A Day At Boston’s ICA

Okay, I’m blogging on the go, so bare with me. I just stepped outside of the ICA filled with so much inspirations and love for contemporary art. There are three temporary exhibits currently on show – all of which I saw and will gladly summarize (with pics, of course.) 

Moonrise Sculptures – Ugo Rondinone

This isn’t so much of an exhibition, but it was here and I saw it and therefore I feel I must tell you about it. Rondinone created these 12 clay sculptures as a homage to the moon and the calendar. Each sculpture, of which only 2 are displayed in the ICA, represent a month. The 8-foot busts are created with clay, aluminum, and paint. They are made to look very handmade, which is why there are so many “fingerprints” surrounding the face. I think they are quite adorable. 

In Search of Vanished Blood – Nalini Malani 

Malani’s work deals with feminism and rape, specifically during the Partition of India. Her not-so-PG work discusses the violence against women during the creation of Pakistan through photography, videos, and drawings. The room’s dim lighting and red walls magnify the depressing mood and give her work a different/deeper meaning.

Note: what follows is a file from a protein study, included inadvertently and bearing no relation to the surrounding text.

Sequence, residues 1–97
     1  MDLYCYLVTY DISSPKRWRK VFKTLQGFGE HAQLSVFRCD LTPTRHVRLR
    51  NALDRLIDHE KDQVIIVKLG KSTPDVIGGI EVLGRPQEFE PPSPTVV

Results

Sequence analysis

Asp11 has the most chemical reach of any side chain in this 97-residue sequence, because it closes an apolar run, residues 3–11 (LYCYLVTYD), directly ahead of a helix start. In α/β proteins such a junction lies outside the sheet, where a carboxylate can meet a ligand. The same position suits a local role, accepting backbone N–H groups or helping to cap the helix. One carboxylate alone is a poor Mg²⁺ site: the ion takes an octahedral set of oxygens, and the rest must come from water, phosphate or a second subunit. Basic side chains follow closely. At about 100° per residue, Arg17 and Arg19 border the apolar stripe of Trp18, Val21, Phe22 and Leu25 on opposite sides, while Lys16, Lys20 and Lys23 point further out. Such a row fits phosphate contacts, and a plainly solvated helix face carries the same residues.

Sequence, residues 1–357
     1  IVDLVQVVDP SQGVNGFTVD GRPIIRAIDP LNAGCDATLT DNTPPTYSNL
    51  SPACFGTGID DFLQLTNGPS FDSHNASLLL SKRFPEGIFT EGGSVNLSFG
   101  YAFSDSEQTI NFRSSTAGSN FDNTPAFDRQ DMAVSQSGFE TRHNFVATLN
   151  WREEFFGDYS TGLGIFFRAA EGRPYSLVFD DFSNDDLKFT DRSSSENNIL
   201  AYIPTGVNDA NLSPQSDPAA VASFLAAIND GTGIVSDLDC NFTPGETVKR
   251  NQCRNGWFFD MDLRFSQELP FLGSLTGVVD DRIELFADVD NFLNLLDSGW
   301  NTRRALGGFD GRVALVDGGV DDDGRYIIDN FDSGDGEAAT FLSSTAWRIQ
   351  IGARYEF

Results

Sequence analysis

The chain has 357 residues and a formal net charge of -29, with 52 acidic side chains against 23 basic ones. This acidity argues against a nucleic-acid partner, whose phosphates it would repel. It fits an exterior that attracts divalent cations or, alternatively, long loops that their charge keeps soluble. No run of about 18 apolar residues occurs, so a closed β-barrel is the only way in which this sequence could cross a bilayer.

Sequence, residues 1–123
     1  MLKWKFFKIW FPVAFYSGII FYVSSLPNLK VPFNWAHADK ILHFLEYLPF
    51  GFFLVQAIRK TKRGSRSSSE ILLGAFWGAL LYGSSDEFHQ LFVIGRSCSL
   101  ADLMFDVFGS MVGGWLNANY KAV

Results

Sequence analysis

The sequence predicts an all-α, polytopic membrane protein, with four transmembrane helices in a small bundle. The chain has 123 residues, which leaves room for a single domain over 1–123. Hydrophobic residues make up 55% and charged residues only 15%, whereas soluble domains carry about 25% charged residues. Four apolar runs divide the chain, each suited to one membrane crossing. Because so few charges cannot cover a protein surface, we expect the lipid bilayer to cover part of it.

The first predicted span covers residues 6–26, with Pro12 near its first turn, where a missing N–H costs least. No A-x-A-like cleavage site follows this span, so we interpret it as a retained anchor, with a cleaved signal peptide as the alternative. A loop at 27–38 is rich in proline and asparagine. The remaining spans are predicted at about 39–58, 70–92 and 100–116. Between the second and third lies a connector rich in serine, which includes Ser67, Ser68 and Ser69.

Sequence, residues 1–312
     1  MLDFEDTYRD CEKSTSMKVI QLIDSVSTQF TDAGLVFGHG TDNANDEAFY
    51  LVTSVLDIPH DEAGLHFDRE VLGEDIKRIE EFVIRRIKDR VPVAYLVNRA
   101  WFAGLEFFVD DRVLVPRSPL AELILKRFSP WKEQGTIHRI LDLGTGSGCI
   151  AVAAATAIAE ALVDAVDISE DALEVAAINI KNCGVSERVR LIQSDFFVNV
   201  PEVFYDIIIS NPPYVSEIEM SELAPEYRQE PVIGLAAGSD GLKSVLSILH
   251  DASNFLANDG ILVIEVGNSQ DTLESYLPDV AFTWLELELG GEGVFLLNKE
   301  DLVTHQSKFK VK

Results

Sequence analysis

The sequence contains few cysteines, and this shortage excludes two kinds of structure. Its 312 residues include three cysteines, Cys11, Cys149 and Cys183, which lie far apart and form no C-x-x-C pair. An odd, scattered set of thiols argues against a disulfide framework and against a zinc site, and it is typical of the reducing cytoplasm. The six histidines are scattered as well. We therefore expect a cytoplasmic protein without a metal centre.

Liz Deschenes

This exhibition is quite… interesting. I liked it, I did. But I’m not so sure I got it. Deschenes plays with the idea of photographing something or someone without the use of a camera. Her exhibit and it’s meaning varies according to how many people are in the studio and how each person interacts with her life-size “photographs.” Her reflective pieces are transformed when people walk by them, creating a “photo” of themselves for just a couple of seconds. Her use of colors and geometry aims at transforming the room, but I didn’t see much of a difference. Maybe there needed to be more people in the room…

Geoffrey Farmer

Farmer believes people always look for images, particularly in books and magazines, for inspiration. His way of expressing this and dealing with the notion that nothing is ever original is extraodinary. With little cut-outs of history books and old magazines, Farmer creates his own art. But beyond his mini cut-out sculptures, the best part of his art is his narratives. Every piece has it’s own description or narrative. Many of which are hilarious. Sad to say, however, that this is the last day of the exhibition at the ICA. But if he comes again, I highly recommend it! (If you couldn’t already tell, this was my favorite of the day.)


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